Grumpy Dem senator lashes out at Justice Thomas after bump stock ruling: ‘No legitimate use for these’

Two-fold fear-mongering from a Democratic senator further advanced attacks on Supreme Court Justice Clarence Thomas while defending faceless bureaucracy in the name of gun-grabbing.

“He’s not being honest about what this does, and it is incredibly dangerous.”

(Video: CNN)

Friday, the Supreme Court issued a 6-3 ruling in the case of Garland v. Cargill determining that the Bureau of Alcohol, Tobacco, Firearms and Explosives (ATF) had “lacked statutory authority” in their endeavor to ban bump stocks through a regulatory rule change.

The latest leftist failure at eroding not only the Second Amendment, but representative government as well, hadn’t stopped New Mexico Sen. Martin Heinrich (D) from pivoting to the favored narratives opposing the rights of law-abiding citizens.

“I find this ruling to be incredibly offensive,” he told CNN host Brianna Keilar when prompted Friday before contending, “This ruling will undoubtedly cost innocent American lives. There’s just no legitimate use for bump stocks.”

Writing for the majority, Thomas was cited by Keilar as stating, “A bump stock does not convert a semi-automatic rifle into a machinegun, any more than a shooter with a lightning-fast trigger finger does.”

She also played a video from YouTuber Zach Nelson who offered a demonstration of an AR-15 being fired with and without a bump stock, prompting her to call out the “undeniable difference.”

In response to that snippet, Heinrich proceeded to accuse, “It’s just not honest. I know these mechanisms. I’ve seen not just the videos, but I’ve used some of these weapons. He’s not being honest about what this does, and it is incredibly dangerous. There’s no legitimate use for these. Who is going to use these bump stocks? It’s going to be street gangs and cartels and mass shooters. And, you know, innocent Americans are going to die because of this decision. I find it incredibly troubling.”

What had been left out of the reporting on Thomas’ opinion was how the justice had covered the specifics that remained unchanged for semiautomatic firearms equipped with a bump stock as he wrote, “The firing cycle remains the same. Between every shot, the shooter must release pressure from the trigger and allow it to reset before reengaging the trigger for another shot.”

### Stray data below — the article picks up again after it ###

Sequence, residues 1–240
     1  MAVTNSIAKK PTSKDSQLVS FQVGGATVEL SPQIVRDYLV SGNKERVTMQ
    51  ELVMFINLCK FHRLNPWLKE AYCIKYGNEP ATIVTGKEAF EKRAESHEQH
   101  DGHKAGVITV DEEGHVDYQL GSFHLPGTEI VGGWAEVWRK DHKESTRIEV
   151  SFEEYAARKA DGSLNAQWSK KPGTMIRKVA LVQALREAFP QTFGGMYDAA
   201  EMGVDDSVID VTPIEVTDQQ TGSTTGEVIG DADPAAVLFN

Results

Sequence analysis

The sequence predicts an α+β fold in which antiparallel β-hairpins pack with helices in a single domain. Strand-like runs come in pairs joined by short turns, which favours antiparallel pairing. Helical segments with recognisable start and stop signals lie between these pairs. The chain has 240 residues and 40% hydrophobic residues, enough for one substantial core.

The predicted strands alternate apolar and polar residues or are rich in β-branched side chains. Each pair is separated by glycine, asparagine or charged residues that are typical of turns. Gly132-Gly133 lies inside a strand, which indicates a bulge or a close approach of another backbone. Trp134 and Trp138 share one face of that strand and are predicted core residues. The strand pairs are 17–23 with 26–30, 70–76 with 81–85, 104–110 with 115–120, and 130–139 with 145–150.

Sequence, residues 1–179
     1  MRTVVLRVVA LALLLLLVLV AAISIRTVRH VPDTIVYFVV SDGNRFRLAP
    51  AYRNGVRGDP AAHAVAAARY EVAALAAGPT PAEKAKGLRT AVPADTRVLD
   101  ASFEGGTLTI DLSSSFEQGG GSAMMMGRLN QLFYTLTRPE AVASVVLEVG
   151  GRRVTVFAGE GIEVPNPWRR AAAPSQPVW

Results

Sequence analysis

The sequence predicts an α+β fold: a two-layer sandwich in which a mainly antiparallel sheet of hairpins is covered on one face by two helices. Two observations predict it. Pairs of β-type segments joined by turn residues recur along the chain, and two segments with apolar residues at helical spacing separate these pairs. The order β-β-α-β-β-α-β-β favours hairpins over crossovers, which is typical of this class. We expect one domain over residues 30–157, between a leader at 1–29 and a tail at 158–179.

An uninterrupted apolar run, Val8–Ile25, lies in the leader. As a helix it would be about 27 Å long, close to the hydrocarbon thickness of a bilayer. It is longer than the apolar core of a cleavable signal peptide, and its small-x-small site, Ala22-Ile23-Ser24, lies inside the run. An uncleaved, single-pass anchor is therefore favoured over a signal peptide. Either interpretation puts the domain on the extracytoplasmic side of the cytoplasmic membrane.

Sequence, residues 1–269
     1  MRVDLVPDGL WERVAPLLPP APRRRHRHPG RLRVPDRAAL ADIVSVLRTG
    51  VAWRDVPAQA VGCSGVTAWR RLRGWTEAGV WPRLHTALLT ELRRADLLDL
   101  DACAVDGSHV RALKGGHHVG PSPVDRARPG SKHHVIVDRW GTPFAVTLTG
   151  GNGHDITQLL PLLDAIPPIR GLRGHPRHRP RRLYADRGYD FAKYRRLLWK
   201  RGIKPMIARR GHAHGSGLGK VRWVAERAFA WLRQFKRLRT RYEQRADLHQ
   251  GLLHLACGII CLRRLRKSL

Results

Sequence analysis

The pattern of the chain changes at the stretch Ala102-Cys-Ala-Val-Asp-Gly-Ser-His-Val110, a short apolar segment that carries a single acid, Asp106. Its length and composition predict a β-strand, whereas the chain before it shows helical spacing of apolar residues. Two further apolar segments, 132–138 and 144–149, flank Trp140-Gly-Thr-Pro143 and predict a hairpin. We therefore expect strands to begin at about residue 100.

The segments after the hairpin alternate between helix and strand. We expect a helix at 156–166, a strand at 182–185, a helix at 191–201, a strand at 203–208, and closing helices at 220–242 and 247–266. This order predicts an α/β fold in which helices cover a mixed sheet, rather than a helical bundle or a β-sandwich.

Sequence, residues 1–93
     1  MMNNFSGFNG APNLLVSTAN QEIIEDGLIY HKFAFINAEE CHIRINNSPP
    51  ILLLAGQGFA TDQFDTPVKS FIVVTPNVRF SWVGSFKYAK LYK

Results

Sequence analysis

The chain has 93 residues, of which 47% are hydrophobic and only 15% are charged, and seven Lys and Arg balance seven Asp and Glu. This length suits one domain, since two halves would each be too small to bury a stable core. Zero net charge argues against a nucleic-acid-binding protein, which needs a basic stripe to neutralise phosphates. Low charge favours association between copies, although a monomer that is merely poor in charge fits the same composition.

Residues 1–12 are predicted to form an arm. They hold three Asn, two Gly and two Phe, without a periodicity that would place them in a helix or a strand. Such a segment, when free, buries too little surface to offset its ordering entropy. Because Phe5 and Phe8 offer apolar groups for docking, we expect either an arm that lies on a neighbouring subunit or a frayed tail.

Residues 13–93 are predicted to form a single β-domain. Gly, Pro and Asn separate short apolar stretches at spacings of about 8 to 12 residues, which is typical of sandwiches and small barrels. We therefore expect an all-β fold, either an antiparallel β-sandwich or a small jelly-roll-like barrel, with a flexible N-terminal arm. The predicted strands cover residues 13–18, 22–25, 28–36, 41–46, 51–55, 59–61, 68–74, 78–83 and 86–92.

“A bump stock merely reduces the amount of time that elapses between separate ‘function’ of the trigger. The bump stock makes it easier for the shooter to move the firearm back toward his shoulder and thereby release pressure from the trigger against his finger very quickly thereafter,” wrote Thomas. “A bump stock does not convert a semi-automatic rifle into a machinegun, any more than a shooter with a lightning-fast trigger finger does. Even with a bump stock, a semiautomatic rifle will fire only one shot for every ‘function of the trigger.’ So, a bump stock cannot qualify as a machingun under…definition.”

Supreme Court Bumpstocks by Zerohedge Janitor

The justice added that ATF’s argument, “rests on the mistaken premise that there is a difference between a shooter pushing the firearm forward to bump the trigger against his stationary finger. ATF and the dissent seek to call the shooter’s initial trigger pull a ‘function of the trigger’ while ignoring the subsequent ‘bumps’ of the shooter’s finger against the trigger before every additional shot. But [the code] does not define a machinegun based on what type of human input engages the trigger–whether it is a pull, bump, or something else. Nor does it define a machinegun based on whether the shooter has assistance engaging the trigger. The statutory definition instead hinges on how many shots discharge when the shooter engages the trigger. And, as we have explained, a semiautomatic rifle will fire only one shot each time the shooter engages the trigger–with or without a bump stock.”

Despite the logic presented and the fact that the Supreme Court decision didn’t rule out an act of Congress that could ban bump stocks, Heinrich insisted on peddling fear, even resorting to invoking the oft-memory-holed 2017 Las Vegas shooting.

Meanwhile, attacks on Thomas, as well as his conservative peer, Justice Samuel Alito, had continued with further scrutiny of the jurist’s trips that were reportedly paid for by GOP donor and close friend, Harlan Crow, prompting Democrats to suggest ethics concerns warranted oversight and scrutiny.

Kevin Haggerty


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